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U.S. Representatives back President Lee's assertion of statehood for the island

A bi-partisan delegation of seven members of the U.S. House of Representatives led by International Relations Committee chairman Benjamin Gilman (R-NY) visited Taiwan from August 8-10, 1999.

They praised Taiwan's president for his recent demand that China treat Taiwan equally as a state, squaring off against President Clinton's administration over the latest Taiwan-China tensions.

President Lee Teng-hui was justified in making his appeal, and China must bear responsibility for damage to security in the region, read a statement issued by a congressional delegation led by Rep. Benjamin Gilman, chairman of the House International Relations Committee.

''We understand what President Lee was doing and that he was facing reality and I think we all have empathy for his approach to the problem,'' said Gilman.

It is our view that the two sides should engage in a dialogue with equals," Gilman said in the statement.

He added that there are concerns in the U.S. Congress that Washington is leaning ''too much'' toward Beijing and should be ''more even-handed'' regarding cross-strait relations. ''Especially at this critical time Taiwan deserves a lot more support than we have been giving at the administration level,'' Gilman said. He said any change in the island's status should come only with the consent of the Taiwan people.

They strongly backed Taiwan President Lee Teng-hui's assertion of statehood for the island as they ended the visit, while urging Washington to lend greater support to Taiwan amid rising tension with China.

Statement by House International Relations Committee
Chairman Rep. Benjamin Gilman's (R-NY) upon departing from

Taiwan on August 10, 1999 after two-day trip to Taiwan leading a

Congressional delegation consisting of the following Representatives:

Rep. Benjamin Gilman (R-NY), Rep. Alcee Hastings (D-FL), Rep. John Dingell (D-MI), Rep. Robert Underwood (D-Guam), Rep. Tom Campbell (R-CA), Rep. Robert Ney (R-OH)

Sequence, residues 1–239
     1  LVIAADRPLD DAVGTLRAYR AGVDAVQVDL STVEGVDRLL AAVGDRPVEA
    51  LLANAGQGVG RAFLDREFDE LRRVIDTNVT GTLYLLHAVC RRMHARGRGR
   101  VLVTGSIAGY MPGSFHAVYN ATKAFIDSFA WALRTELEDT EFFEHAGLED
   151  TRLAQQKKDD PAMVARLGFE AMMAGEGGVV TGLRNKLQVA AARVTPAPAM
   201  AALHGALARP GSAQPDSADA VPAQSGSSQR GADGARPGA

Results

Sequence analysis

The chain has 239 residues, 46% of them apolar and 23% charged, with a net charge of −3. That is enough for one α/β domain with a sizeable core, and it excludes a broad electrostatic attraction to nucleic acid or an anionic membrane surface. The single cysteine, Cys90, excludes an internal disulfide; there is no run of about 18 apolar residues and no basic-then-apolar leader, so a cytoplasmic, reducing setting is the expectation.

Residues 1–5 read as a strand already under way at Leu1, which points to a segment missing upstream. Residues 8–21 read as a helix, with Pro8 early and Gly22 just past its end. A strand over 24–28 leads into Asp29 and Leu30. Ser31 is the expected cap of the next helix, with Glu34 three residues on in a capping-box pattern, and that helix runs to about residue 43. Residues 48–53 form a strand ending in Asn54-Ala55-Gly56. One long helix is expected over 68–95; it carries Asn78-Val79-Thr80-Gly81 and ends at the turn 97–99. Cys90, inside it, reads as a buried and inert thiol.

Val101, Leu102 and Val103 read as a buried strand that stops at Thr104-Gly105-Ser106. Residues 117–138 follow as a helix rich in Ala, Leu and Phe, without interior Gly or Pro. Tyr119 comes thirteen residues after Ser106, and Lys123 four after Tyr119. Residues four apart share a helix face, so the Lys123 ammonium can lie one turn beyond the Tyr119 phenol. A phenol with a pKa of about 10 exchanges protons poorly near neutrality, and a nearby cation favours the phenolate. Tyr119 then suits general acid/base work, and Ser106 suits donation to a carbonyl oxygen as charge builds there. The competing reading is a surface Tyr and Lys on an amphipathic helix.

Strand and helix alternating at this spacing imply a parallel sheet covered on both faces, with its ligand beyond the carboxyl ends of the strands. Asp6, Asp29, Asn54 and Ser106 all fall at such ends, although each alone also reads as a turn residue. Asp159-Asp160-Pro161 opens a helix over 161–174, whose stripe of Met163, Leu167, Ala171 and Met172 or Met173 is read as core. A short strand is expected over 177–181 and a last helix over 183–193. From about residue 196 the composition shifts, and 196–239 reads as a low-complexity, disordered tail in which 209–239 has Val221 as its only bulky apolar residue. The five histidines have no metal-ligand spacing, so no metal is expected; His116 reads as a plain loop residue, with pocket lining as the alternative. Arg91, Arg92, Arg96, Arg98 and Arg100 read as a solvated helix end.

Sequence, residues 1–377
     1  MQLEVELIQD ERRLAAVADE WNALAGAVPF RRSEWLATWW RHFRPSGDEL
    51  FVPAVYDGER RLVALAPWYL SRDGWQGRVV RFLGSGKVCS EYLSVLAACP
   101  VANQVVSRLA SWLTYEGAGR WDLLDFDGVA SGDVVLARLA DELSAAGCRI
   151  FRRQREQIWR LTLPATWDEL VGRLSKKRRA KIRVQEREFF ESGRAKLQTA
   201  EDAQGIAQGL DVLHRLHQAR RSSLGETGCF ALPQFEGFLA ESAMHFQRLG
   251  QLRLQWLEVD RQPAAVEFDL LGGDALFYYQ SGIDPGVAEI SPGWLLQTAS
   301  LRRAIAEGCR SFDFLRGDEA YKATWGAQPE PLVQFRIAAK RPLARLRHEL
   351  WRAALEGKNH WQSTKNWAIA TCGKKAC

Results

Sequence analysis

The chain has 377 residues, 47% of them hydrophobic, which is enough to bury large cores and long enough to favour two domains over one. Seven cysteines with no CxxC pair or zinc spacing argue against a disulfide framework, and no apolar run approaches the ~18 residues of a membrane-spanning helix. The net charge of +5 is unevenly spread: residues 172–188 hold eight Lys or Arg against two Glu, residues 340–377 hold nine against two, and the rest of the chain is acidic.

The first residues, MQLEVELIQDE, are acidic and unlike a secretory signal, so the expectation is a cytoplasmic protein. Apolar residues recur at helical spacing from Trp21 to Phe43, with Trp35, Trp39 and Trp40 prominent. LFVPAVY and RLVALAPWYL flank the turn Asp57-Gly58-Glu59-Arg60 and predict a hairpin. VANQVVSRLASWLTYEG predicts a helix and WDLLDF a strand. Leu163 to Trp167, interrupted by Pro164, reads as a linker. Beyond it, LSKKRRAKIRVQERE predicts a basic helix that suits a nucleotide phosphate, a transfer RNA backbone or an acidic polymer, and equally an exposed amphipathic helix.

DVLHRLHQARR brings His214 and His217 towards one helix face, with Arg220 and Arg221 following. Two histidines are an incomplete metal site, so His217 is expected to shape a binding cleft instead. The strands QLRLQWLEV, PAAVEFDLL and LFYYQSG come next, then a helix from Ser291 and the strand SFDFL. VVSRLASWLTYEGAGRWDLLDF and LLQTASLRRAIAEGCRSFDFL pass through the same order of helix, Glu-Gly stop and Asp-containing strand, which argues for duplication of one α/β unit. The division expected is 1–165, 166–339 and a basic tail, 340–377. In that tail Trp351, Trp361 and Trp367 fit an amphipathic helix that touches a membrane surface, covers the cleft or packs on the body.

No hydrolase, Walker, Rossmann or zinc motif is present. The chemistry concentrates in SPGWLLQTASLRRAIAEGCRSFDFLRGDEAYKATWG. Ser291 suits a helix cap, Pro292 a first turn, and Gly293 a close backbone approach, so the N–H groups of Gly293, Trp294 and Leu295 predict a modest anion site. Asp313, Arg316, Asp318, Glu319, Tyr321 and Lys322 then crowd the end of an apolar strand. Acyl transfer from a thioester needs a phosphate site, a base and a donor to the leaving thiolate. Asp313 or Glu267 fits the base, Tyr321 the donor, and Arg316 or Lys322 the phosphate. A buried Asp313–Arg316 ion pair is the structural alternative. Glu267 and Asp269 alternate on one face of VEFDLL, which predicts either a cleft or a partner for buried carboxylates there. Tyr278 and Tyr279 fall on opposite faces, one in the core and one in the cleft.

"We are pleased to note that our visit to Taiwan has been, we consider, a very successful visit. We've had full and productive conferences and we welcomed the opportunity to share views with some of Taiwan's most senior officials. We're grateful for their candid expressions and thinking on all of the important issues confronting Taiwan at this time. We are especially grateful for the warm hospitality that has been extended to us by the people of Taiwan.

We've had good meetings with President Lee, Vice President Lien, National Security Council Secretary General Yin, Defense Minister Tang, Acting Foreign Minister Lee, Chairman Su of the Mainland Affairs Council, and Chairman Lin of the DPP. We were warmly received by all. Our extensive discussions we feel were highly productive and they also helped us and enhanced our understanding of President Lee's decision on cross-Strait relations and Taiwan's hopes for the future.

We expressed our nation's abiding interest in peace and stability in East Asia and for the peaceful resolution of Taiwan's future. We expressed our concern about Chinese "saber rattling" over President Lee's state-to-state remarks and its effect on the confidence and security-building in the region. As we leave Taiwan, we are calling upon the PRC to renounce the use of force against Taiwan.

Furthermore, recognizing that Taiwan is governed by a democratically-elected president, we strongly support President Lee's right to address Taipei's views of the cross-Strait relationship. It is our view that the two sides should engage in a dialogue as equals.

To this end, we believe that talks with Beijing should proceed at a pace and scope that is supported by all of the citizens of Taiwan. As a democracy, any change in Taiwan's status should come only with the consent of the people of Taiwan. President Lee should not feel pressured to negotiate until China is a democracy, to negotiate a reunification until such time.

We also expressed our belief that Taiwan should have better international representation in international bodies and be recognized in those bodies. The 22 million people of Taiwan deserve this fundamental right no less than any other global citizen.

Finally, we hope that our visit has in some way strengthened our long-standing bonds of friendship between the United States and Taiwan - a relationship which is based on our shared commitment to democracy, to freedom, to respect for human rights and for a market economy."


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